3D printing has been used to manufacture almost everything you can imagine, from action figures to guitars. It has even been used to create parts for robots and automobiles. It looks as though a different form of 3D printing will be used to send rockets into space.
NASA recently teamed up with aerospace/defense company Aerojet Rocketdyne to develop a rocket engine constructed through an additive printing process. The additive process (a form of 3D printing) can be accomplished through several methods. Selective laser sintering fuses small particles of metal into a desired shape. Fused deposition modeling melts metal through the nozzle, creating shapes one layer at a time. Stereolithography uses a vat filled with curable resin that "hardens" one layer at a time.
Another form of additive printing is known as selective laser melting (SLM), which is the method both companies used to create their functioning prototype rocket engine. SLM uses a high-powered laser to melt the metal into a particular shape determined by a CAD file. Specifically, the collaborative parties used the SLM process to create a liquid-oxygen/gaseous hydrogen rocket injector assembly, which is a critical part of the rocket engine, since it is the part responsible for controlling the combustion process.
NASA and Aerojet Rocketdyne created a 3D-printed rocket engine using fused deposition modeling and stereolithography.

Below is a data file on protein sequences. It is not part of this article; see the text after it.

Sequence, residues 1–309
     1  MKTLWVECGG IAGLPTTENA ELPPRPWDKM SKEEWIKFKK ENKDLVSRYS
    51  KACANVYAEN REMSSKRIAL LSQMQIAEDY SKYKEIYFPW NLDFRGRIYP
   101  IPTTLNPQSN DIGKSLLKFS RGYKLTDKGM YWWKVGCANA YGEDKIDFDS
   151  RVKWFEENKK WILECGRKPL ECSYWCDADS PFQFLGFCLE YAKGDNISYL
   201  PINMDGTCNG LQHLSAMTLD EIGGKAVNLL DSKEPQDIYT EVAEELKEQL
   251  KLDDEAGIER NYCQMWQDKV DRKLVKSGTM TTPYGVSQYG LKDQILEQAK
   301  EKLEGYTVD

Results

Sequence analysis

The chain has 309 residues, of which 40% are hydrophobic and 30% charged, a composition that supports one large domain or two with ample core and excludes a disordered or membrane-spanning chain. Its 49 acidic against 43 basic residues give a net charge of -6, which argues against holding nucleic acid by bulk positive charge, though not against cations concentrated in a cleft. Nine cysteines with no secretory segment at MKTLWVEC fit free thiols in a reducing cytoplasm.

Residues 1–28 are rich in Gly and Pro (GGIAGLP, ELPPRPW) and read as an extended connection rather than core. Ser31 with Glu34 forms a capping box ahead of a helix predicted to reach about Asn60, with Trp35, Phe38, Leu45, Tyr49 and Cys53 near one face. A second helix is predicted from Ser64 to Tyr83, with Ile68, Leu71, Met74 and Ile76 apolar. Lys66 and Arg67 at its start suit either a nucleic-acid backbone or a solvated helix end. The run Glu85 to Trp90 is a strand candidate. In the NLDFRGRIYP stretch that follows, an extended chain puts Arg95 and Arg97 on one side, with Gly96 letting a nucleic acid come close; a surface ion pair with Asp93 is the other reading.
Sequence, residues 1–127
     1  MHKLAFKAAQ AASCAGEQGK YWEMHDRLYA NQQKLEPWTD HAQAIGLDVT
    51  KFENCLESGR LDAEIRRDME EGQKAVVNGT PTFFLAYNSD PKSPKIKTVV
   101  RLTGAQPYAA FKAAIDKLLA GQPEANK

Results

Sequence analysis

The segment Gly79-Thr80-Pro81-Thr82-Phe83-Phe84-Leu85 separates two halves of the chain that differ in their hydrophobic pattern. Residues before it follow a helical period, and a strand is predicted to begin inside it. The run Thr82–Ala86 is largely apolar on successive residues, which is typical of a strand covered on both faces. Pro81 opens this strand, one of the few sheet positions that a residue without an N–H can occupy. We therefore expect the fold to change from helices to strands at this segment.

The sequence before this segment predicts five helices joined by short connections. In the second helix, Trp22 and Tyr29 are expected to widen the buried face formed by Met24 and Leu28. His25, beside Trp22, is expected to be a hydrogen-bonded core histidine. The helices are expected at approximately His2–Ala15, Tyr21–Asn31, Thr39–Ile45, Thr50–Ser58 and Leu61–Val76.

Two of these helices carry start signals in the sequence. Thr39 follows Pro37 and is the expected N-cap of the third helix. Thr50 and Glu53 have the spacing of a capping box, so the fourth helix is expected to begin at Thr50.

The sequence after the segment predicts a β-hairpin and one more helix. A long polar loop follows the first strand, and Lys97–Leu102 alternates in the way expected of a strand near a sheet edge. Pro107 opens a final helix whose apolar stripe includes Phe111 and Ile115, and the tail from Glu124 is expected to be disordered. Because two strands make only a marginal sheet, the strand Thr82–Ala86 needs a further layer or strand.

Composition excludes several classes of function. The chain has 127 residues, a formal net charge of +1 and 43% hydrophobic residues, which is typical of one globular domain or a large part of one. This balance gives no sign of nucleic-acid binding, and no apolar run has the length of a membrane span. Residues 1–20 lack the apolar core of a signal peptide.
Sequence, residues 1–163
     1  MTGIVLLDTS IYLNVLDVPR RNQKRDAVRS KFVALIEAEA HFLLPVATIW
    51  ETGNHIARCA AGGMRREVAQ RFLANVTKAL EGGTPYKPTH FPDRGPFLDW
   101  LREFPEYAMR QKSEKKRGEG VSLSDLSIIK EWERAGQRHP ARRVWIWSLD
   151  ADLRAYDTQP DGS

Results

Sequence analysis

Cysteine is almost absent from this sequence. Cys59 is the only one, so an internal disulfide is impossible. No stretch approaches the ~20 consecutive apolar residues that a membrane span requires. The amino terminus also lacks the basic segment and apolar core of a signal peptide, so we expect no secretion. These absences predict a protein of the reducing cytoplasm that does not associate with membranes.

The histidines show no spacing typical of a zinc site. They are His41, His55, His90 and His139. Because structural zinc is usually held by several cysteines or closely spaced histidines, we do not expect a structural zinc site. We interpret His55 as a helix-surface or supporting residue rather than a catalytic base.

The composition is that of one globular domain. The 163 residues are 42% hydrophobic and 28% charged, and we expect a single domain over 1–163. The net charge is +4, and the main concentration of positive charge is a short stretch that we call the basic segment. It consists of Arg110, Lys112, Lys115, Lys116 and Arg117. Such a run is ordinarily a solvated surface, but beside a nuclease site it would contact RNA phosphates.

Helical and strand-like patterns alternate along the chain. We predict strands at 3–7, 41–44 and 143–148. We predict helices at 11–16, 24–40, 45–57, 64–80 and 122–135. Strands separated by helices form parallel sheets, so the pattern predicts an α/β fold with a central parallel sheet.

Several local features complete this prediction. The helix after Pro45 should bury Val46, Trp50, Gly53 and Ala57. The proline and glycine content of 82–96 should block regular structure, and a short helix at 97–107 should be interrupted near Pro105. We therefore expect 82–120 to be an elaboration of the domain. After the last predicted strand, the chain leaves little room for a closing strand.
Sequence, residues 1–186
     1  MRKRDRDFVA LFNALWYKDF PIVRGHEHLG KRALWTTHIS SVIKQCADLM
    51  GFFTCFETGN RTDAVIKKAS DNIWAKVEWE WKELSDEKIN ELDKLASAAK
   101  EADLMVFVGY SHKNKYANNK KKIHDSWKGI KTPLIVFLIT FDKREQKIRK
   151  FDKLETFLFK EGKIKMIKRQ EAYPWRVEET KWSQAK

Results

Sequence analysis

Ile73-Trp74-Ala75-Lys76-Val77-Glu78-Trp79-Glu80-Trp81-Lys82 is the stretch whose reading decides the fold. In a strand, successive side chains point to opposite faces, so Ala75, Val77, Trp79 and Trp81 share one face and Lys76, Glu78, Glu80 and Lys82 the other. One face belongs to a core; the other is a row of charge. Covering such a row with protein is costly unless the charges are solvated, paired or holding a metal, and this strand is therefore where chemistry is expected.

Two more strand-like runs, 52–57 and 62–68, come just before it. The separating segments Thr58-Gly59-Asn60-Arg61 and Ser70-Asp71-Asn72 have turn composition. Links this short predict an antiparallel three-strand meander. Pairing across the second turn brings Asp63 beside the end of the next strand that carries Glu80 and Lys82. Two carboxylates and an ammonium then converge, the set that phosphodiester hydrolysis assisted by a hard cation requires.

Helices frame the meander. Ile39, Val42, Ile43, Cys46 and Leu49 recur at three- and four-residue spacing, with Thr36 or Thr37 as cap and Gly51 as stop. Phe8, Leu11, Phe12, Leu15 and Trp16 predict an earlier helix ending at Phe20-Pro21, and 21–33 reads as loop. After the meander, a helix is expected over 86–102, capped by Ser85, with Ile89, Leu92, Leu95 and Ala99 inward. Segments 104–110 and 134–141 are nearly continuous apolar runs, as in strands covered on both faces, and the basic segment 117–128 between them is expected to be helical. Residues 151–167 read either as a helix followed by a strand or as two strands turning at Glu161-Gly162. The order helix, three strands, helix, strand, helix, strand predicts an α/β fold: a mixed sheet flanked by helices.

Traditionally, these parts are tested in controlled settings to determine their performance and quality before they are assembled into the engine itself. These are known as SLS (Space Launch System) acoustic tests, where engineers listen for anything that may be off during a test firing. The injectors for these tests are traditionally smaller than their full-scale mockups. They usually take around six months to fabricate using four parts with a total of five welds costing upwards of $10,000 US each.
To put that into perspective, NASA engineers fabricated the same test injector in one piece using the SLM method with Iconel stainless-steel (nickel-iron-chromium alloy) powder along with their industrial-grade printer. The engineers fabricated the part, and then used a minimal amount of machining to clean it up. They used a series of computer scans to search for defects.
The whole process of manufacturing the injector took only three weeks to accomplish, at a cost of only $5,000, which is a significant reduction over the time and cost of its parent part. Actually, it only took 40 hours to fabricate the injector itself. The rest of the time was spent polishing and inspecting it before it headed off to the test bed! A total of two injectors were made and were subjected to 11 main-stage hot-fire tests for a total of 45 seconds worth of burn time at up to 6,000°F. Not only did the injectors successfully handle the test fires, they showed little to no damage after being subjected to extreme heat and pressure.